- This goes along with some things I said earlier in this section, but I think it's important to reiterate. And maybe, without getting to philosophical, this can be viewed as a prescription for life. Ultimately, it's the journey that matters. Goddamn it, that sounds like such a douchey thing to say, but it's true. I made it to Everest Base Camp (and have not even an inkling desire to go a single meter higher), but the destination wasn't ultimately important. What really mattered was the things I saw and the experiences I had en route. Of course, there's also the chance I'm a retard, and it is the destination that matters, and everything I've been doing for the last 3.5 years has been for naught. But I really don't think so...
Everest vs. Annapurna
I'm going to have to put some serious effort into keeping this section of the post shorter than a million pages. I doubt this section will really impact anyone, since the intended audience is future visitors to Nepal who can't decide whether to do the Annapurna or Everest trek, but what the hell? It's what I want to talk about right now, so deal with it.
When I got back from Semester at Sea, I was often asked something to the effect of “What was your favorite country?” This turned out to be an impossible question to answer, as will be “Which was a better trek: Everest Base Camp or Annapurna?” The countries I visited during Semester at Sea were each a totally unique experience, and trying to rank them would be impossible. The same is true for trying to compare the Everest and Annapurna treks. But here are some considerations:
- The Annapurna Circuit is basically that – a circuit, with only a couple options to get off the trail and see anything not on the trek, while the Everest trek is a mountaineer's paradise, with side trails every which way from Sunday, that could keep a serious trekker / mountaineer busy for months at a time. Basically there is more to trek in the Everest region than on the Annapurna Circuit. But there's a TON of trekking to do around Annapurna too, enough to keep a serious trekker busy for a least a couple months. So this distinction, for most people, probably doesn't matter at all.
- The villages along the Annapurna circuit appear to be, for the most part, legitimate villages that were around before the Annapurna circuit existed for commercial and / or tourist reasons. The villages along the Everest trail, at least beyond Lukla, seem to have been purpose-built to accommodate trekkers en route to Everest. While most or all of the villages on both trails are enjoyable to stay in, there's a feeling of legitimacy in the Annapurna villages that doesn't exist, at least not as intensely, in the Everest-region villages. People live in the villages along the Annapurna circuit, businessmen live in the villages en route to Everest.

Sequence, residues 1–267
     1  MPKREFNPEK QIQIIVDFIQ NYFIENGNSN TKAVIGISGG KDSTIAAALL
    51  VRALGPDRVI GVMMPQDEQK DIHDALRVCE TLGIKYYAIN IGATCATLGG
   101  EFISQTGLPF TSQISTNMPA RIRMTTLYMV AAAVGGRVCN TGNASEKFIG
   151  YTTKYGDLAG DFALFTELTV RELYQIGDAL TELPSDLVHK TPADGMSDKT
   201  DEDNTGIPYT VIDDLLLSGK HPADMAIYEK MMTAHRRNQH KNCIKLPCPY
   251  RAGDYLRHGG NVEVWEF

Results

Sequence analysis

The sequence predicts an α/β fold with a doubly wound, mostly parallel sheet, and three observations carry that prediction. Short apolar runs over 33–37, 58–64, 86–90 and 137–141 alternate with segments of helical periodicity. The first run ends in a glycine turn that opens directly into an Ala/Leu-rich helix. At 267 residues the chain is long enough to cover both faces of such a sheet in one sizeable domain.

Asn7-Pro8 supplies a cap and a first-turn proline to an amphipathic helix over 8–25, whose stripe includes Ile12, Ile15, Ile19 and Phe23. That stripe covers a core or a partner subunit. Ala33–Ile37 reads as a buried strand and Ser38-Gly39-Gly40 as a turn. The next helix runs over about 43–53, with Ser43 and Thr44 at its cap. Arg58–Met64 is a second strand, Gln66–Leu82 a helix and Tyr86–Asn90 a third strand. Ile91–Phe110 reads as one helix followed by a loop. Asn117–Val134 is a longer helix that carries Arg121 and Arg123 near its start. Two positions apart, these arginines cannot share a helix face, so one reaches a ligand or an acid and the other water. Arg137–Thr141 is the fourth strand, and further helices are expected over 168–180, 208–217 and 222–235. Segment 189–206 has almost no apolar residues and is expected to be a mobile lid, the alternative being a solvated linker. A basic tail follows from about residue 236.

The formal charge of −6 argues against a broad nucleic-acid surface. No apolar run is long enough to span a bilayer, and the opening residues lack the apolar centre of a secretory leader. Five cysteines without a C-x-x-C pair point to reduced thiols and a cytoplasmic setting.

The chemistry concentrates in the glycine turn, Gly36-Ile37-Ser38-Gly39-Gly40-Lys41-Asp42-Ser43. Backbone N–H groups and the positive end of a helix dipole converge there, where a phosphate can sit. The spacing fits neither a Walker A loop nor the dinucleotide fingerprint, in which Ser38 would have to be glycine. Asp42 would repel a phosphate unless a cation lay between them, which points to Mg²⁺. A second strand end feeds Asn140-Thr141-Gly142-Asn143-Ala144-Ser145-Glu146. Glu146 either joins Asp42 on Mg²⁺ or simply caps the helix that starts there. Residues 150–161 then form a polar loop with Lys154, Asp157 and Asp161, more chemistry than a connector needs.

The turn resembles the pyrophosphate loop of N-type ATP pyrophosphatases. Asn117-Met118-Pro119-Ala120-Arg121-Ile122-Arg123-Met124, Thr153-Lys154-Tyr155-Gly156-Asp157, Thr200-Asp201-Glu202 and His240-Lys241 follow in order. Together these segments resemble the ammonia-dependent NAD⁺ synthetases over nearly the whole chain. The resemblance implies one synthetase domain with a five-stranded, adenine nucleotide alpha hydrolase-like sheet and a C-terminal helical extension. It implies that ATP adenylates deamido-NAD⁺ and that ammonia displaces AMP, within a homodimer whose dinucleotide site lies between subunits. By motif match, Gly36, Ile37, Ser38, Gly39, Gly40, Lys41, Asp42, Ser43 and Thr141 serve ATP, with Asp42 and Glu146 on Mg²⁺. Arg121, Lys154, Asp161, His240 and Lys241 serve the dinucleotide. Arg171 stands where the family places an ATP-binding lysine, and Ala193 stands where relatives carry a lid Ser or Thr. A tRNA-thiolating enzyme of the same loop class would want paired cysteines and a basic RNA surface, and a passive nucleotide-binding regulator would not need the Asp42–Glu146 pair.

- The Everest trek costs probably twice as much per day (maybe $15-20, throwing money around like a baller) as Annapurna (maybe $8-12). But if you are coming from America, the cost of either is insubstantial compared to your flight cost, and if you'll only be in Nepal a few weeks, it frankly doesn't matter.
- Electricity is available almost everywhere on the Annapurna circuit, but almost non-existent on the Everest Trek. The same is true of hot showers. Where these luxuries are available on the Everest Trek, they cost some serious dough – up to maybe $5 for a hot shower or an hour or two of charging time for your laptop, camera batteries, etc.
- The Annapurna circuit is a loop, so you only see any given section of trail once, while the Everest trek, in most cases, involves returning on the same trail as that on which you walked up. This is another toss-up for which is actually better. It's nice to go through an area and know that everything you will see after this point will be new. But it's also nice to return down the same trail you already climbed, as this allows you to see everything from a different perspective. I consider myself pretty lucky that I was able to do both of these treks.
For better or worse, intentionally or unintentionally (in all cases unintentionally), and through sickness and health, I've broken some personal records that I was unaware even existed a couple months ago, these include:
- I didn't see a road vehicle for 31 days. There are no roads within one billion miles of Everest, but there is an airstrip at Lukla, roughly one week of relatively hard trekking below Base Camp. So I did see planes and helicopters in this 31-day car-free adventure. Without roads, everything, literally everything man-made in the area is carried up by porters, donkeys, or yaks. Buildings are constructed at 5000-plus meters, made entirely of materials carried up several vertical kilometers of muddy, rocky trail, over the course of a week or more per load.
- I didn't shower for 27 consecutive days. Seriously. I really hope this isn't a record that I break for the rest of my life. I was pretty surprised by the fact that I didn't smell like a Yeti's ass-pubes by the end of this unintentional abstinence, but I guess even though I was walking around with a fifty pound backpack (maybe?), it was cold enough that I didn't really sweat much, at least at higher elevations. I took wet-wipe showers occasionally, but it was honestly just too cold to deal with a real shower. But now that I'm back in the land of nearly-constantly-available electricity, I've been making up for this grossness by showering, at a minimum, twice a week. Yup, I'm nice and shiny-clean now.